Most people remain at the mercy of a venal administration that, encouraged by the absence of an independent watchdog, exploits them relentlessly
The state of affairs in the country is characterised by rampant corruption at all levels leading to a breakdown in the rule of law and lack of accountability all around. One can say that there is a complete collapse of governance in the country. Something drastic needs to be done soon, else the country will become an ungovernable anarchy.
The 73rd and 74th Constitutional Amendments of 1992 were intended to empower the people to plan for their development themselves by providing for the establishment of self-governing panchayat institutions in villages and municipal institutions in towns. Unfortunately, even 20 years later, the promise of local self-governance remains largely unimplemented. Consequently, most people remain at the mercy of a corrupt administration imposed upon them from above, which has continued to exploit them. It is this failure which has given rise to militant Maoism in large areas of India.
The country is blessed with significant natural resources and mineral wealth. Unfortunately, instead of being used in the public interest, most of this wealth is being looted by a corrupt government and its band of crony capitalists. If these natural resources were to be treated as belonging to the people living in those areas, the people would cooperate with others for their exploitation for mutual benefit. We will have to repose our trust in these people if we want to rid India of militant Maoism.
Let us consider the deficits in governance which have led to this alarming state of affairs.
Corrupt, insensitive organisation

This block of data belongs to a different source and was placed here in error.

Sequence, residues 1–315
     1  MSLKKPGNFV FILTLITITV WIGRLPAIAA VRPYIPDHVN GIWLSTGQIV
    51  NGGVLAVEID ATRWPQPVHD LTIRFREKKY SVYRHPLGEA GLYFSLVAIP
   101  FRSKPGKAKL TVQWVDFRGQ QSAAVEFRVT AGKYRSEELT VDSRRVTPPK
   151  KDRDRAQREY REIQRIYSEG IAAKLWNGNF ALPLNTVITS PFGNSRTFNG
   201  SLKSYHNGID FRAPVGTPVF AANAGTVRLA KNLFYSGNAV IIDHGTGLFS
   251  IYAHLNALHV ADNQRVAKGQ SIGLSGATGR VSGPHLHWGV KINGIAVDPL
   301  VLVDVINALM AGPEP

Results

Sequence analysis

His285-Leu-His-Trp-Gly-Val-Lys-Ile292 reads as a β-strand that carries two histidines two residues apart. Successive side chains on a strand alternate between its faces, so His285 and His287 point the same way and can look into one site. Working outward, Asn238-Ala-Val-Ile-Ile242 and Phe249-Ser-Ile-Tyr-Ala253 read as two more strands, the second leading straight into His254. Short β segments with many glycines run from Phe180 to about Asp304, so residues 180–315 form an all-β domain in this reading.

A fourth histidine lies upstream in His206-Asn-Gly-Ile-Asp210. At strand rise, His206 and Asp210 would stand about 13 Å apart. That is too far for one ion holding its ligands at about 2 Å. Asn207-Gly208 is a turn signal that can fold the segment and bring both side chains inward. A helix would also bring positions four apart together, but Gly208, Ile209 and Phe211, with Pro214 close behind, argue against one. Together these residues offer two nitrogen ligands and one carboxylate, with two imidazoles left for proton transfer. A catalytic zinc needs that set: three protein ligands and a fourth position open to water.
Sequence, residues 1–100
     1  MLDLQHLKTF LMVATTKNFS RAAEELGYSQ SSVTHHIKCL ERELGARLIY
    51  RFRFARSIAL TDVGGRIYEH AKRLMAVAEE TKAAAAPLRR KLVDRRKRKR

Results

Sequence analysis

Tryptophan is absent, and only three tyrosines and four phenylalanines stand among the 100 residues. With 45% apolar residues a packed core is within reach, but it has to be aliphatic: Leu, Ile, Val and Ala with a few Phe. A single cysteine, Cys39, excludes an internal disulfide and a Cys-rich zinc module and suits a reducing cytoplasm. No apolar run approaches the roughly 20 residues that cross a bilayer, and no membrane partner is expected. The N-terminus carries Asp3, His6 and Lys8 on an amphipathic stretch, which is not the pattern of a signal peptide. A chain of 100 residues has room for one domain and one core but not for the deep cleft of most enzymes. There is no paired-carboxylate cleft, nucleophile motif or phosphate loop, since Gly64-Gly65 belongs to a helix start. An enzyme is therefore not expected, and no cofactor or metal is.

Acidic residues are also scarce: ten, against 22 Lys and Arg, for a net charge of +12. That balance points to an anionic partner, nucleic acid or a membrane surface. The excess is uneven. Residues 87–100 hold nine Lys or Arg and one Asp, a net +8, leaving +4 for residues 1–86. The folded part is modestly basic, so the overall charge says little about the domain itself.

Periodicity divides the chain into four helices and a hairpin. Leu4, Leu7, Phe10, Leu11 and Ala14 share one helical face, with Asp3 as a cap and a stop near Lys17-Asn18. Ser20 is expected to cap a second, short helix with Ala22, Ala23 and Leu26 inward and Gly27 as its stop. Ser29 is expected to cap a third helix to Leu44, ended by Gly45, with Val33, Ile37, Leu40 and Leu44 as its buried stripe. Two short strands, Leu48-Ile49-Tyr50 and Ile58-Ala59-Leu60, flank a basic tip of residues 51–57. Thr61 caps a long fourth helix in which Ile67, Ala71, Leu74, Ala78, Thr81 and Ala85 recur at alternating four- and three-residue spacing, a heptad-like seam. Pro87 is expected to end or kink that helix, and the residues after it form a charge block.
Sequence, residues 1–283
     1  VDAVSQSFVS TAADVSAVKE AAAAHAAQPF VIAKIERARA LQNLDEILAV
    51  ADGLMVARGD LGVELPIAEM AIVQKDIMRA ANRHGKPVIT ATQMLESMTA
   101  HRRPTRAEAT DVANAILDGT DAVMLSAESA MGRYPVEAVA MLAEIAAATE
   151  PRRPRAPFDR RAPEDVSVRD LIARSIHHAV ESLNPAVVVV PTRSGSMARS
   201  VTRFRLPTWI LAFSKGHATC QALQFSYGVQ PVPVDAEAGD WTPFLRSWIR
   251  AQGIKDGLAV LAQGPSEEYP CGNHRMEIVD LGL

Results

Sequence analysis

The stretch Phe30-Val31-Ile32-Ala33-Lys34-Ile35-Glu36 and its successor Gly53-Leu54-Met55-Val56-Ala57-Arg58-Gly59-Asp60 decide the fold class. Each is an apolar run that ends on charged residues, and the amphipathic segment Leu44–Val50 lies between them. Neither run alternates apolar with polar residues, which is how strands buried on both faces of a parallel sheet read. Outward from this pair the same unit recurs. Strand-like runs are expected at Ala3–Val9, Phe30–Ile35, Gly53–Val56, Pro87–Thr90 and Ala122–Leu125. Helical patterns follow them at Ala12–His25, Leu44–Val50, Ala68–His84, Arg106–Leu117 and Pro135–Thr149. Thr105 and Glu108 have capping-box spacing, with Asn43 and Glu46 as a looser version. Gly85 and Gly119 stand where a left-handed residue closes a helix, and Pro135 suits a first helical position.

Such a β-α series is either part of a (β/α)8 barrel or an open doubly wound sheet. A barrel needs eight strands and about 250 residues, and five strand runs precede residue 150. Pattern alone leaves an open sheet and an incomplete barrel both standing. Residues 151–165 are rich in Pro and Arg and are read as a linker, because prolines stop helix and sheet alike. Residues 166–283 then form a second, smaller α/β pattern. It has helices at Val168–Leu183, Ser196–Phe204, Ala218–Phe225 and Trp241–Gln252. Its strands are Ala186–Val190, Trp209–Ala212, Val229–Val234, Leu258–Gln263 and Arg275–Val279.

The police impacts the lives of all of us, particularly the poor, in a big way. The Indian Police is universally regarded as a corrupt, insensitive, immoral and indisciplined organisation of oppressors, which led Justice A.N. Mulla to comment even 50 years ago that it is the largest organised gang of armed criminals in the country. That is largely because the police in India was set up by the Imperial British government for preserving British Rule and not to serve the Indian people. Several commissions, including the Dharam Vira police commission in 1982, have recommended the comprehensive restructuring of the Indian police. The Supreme Court ordered such restructuring six years ago. But successive governments have resisted these reforms, not willing to let go of their control over the police, which they have abused in their own interests.
There is tremendous corruption in every department of the government. The tax authorities often use their powers to extract bribes rather than honestly collect taxes. Yet there is no independent ombudsman to check their corruption. Since this suits the politicians who get a part of the bribes collected, they have done nothing to remedy this. If an independent ombudsman had been set up, the menace of black money would not have become so huge.
Does the Prime Minister not know that virtually no building plan is sanctioned without payment of bribes, that no electricity connection is given to new houses without payment of bribes, that hardly anything moves in any government department without the greasing of palms? What has this Prime Minister or, for that matter, his BJP predecessor, done in the past 14 years to change this? Everyone knows that the main reason for this is the lack of an independent anti-corruption agency. That is why the U.N. Convention against Corruption required every country to set up anti-corruption agencies (which we named Lokpal) which would be independent of the government.